Living at the intersections of experience...

My area of specialization is the philosophy of emotion, and includes the philosophy of mind, philosophy of science, social epistemology, moral psychology, and feminist philosophy. My areas of competence are the history of Ancient and Early Modern philosophy, ethics, metaphysics, experimental philosophy, non-Western, Philosophy, and policy analysis.

I am currently an adjunct Assistant Professor at Bowling Green State University, while on the job market for a full-time academic teaching and research position; and I am currently working on my edited collection, Interdisciplinary Perspectives on Shame: Methods, Theories, Norms, Cultures, and Politics and my monograph, Interdisciplinary Foundations for the Science of Emotion: Unification without Consilience, which are both contracted for publication with Lexington Books.

I am also the founder of the Society for Philosophy of Emotion, and the founding editor-in-chief of the Journal of Philosophy of Emotion. I was recently an academic visitor at the University of Sheffield, the University of Edinburgh, and the University of Cambridge.

I have a B.A., M.A., and Ph.D. in Philosophy, and an M.A. in Ethics and Policy Studies. My Ph.D. advisor was Prof. Cheshire Calhoun, CLAS Trustee Professor of Philosophy at Arizona State University, chair of the American Philosophical Association's board of officers, and Research Professor at the University of Arizona’s Center for the Philosophy of Freedom.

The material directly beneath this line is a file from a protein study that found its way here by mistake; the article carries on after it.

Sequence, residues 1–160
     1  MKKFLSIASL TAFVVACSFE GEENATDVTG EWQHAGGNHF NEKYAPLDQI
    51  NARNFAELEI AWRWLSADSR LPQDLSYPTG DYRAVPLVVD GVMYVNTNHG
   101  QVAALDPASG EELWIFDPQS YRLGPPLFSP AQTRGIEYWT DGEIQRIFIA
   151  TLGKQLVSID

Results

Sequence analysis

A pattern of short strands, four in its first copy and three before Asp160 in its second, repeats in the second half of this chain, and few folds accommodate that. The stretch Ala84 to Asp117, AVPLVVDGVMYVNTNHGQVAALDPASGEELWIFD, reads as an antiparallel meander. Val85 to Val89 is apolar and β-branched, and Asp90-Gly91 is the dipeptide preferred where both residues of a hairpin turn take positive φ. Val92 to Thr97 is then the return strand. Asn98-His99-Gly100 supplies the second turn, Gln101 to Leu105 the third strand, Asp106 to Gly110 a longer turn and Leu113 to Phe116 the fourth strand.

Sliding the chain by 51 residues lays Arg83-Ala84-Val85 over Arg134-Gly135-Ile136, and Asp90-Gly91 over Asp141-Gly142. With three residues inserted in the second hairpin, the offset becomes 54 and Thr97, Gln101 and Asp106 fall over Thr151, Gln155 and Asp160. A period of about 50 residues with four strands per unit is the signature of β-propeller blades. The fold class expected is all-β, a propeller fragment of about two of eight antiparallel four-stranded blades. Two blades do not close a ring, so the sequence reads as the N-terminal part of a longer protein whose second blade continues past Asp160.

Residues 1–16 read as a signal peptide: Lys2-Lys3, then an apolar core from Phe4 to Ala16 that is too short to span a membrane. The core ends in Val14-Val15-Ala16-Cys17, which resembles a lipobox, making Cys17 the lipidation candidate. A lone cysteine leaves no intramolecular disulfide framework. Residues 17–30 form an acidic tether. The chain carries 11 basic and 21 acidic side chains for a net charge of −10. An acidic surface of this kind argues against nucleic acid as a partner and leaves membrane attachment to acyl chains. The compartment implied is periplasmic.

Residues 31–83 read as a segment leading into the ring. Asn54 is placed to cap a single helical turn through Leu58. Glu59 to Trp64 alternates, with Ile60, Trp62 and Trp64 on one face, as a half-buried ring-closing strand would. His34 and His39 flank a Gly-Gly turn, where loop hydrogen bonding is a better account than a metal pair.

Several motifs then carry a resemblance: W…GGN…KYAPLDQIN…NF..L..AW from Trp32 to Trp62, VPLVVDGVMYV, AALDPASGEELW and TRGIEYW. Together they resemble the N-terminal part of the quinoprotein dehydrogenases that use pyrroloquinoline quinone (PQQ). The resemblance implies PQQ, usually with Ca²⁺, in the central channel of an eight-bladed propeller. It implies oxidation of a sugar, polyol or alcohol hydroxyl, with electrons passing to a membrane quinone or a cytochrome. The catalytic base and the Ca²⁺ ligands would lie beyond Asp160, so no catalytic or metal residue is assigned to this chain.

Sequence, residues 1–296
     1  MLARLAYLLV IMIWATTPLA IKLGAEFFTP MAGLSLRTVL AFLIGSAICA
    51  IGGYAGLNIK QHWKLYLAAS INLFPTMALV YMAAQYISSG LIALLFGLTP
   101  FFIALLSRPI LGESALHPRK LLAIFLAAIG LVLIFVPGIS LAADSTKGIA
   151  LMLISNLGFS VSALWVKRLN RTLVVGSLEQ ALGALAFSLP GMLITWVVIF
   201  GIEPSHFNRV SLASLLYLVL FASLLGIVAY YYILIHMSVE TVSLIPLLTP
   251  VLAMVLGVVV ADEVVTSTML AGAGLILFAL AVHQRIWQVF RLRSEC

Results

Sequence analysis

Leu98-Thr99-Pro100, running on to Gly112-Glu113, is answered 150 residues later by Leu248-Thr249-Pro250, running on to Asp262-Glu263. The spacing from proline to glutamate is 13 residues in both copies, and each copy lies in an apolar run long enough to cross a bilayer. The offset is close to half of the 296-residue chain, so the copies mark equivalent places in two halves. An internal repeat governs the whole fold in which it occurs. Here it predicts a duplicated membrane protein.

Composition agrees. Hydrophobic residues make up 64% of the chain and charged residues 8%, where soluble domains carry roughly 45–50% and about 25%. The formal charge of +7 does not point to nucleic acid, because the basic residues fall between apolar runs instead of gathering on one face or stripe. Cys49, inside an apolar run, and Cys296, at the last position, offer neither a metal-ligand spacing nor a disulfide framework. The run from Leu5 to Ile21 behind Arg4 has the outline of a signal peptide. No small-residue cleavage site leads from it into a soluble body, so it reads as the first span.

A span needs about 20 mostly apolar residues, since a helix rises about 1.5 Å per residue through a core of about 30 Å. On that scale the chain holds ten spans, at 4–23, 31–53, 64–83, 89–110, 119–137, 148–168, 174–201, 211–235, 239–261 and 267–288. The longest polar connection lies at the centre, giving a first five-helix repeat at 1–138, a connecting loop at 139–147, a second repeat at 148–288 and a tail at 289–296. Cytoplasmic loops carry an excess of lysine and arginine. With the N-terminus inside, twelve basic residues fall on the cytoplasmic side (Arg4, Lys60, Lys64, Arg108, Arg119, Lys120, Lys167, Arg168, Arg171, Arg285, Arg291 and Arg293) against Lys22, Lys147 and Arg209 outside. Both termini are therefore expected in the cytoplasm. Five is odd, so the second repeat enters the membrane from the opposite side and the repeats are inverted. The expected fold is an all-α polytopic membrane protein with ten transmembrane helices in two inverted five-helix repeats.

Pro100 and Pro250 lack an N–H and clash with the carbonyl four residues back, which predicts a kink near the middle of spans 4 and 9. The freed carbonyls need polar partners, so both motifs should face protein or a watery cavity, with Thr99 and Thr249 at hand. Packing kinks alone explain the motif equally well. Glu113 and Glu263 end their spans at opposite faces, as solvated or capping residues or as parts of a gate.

Relying on both philosophical, psychological, and sociological research on emotions, I provided a general framework for carrying out interdisciplinary research, especially in the field of emotion, for my Ph.D. dissertation. My Ph.D. dissertation was, therefore, not only a contribution to developing a science of emotion, but also a contribution to the project of unifying knowledge across academia. My arguments focused on the questions of what an adequate theory of emotion entails from an interdisciplinary perspective and of the fruitfulness of interdisciplinary research on emotion to the areas of philosophy of mind, epistemology, philosophy of science, philosophy of language, and the discipline of psychology.

The field of emotion has been a rich and fruitful field for many disciplines, but philosophers of emotion, especially in the United States, have not until recently seen the fruits of their labor in this field of research, especially within the various areas of our own discipline. It is for this reason--in order to help more philosophers and academics across disciplines see the value of philosophy of emotion--that I founded both the Journal of Philosophy of Emotion and the Society for Philosophy of Emotion.

You can also learn more about me by reading my CV and interview with Shelley Tremaine in "Dialogues on Disability."